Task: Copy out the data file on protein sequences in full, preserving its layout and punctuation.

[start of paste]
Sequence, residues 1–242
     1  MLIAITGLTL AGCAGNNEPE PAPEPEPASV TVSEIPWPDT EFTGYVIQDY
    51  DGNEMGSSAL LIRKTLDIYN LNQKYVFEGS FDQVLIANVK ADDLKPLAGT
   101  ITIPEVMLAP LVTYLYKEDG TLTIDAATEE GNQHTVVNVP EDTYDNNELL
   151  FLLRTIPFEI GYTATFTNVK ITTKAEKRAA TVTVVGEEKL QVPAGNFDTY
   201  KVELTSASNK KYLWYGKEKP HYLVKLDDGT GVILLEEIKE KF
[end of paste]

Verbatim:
Sequence, residues 1–242
     1  MLIAITGLTL AGCAGNNEPE PAPEPEPASV TVSEIPWPDT EFTGYVIQDY
    51  DGNEMGSSAL LIRKTLDIYN LNQKYVFEGS FDQVLIANVK ADDLKPLAGT
   101  ITIPEVMLAP LVTYLYKEDG TLTIDAATEE GNQHTVVNVP EDTYDNNELL
   151  FLLRTIPFEI GYTATFTNVK ITTKAEKRAA TVTVVGEEKL QVPAGNFDTY
   201  KVELTSASNK KYLWYGKEKP HYLVKLDDGT GVILLEEIKE KF